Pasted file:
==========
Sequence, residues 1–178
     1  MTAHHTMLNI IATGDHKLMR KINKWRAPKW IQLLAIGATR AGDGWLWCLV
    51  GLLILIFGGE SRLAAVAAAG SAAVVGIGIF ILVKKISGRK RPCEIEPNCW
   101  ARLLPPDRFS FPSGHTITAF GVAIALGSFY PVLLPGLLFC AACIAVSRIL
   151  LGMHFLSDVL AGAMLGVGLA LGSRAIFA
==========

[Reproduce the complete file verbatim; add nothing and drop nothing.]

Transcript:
Sequence, residues 1–178
     1  MTAHHTMLNI IATGDHKLMR KINKWRAPKW IQLLAIGATR AGDGWLWCLV
    51  GLLILIFGGE SRLAAVAAAG SAAVVGIGIF ILVKKISGRK RPCEIEPNCW
   101  ARLLPPDRFS FPSGHTITAF GVAIALGSFY PVLLPGLLFC AACIAVSRIL
   151  LGMHFLSDVL AGAMLGVGLA LGSRAIFA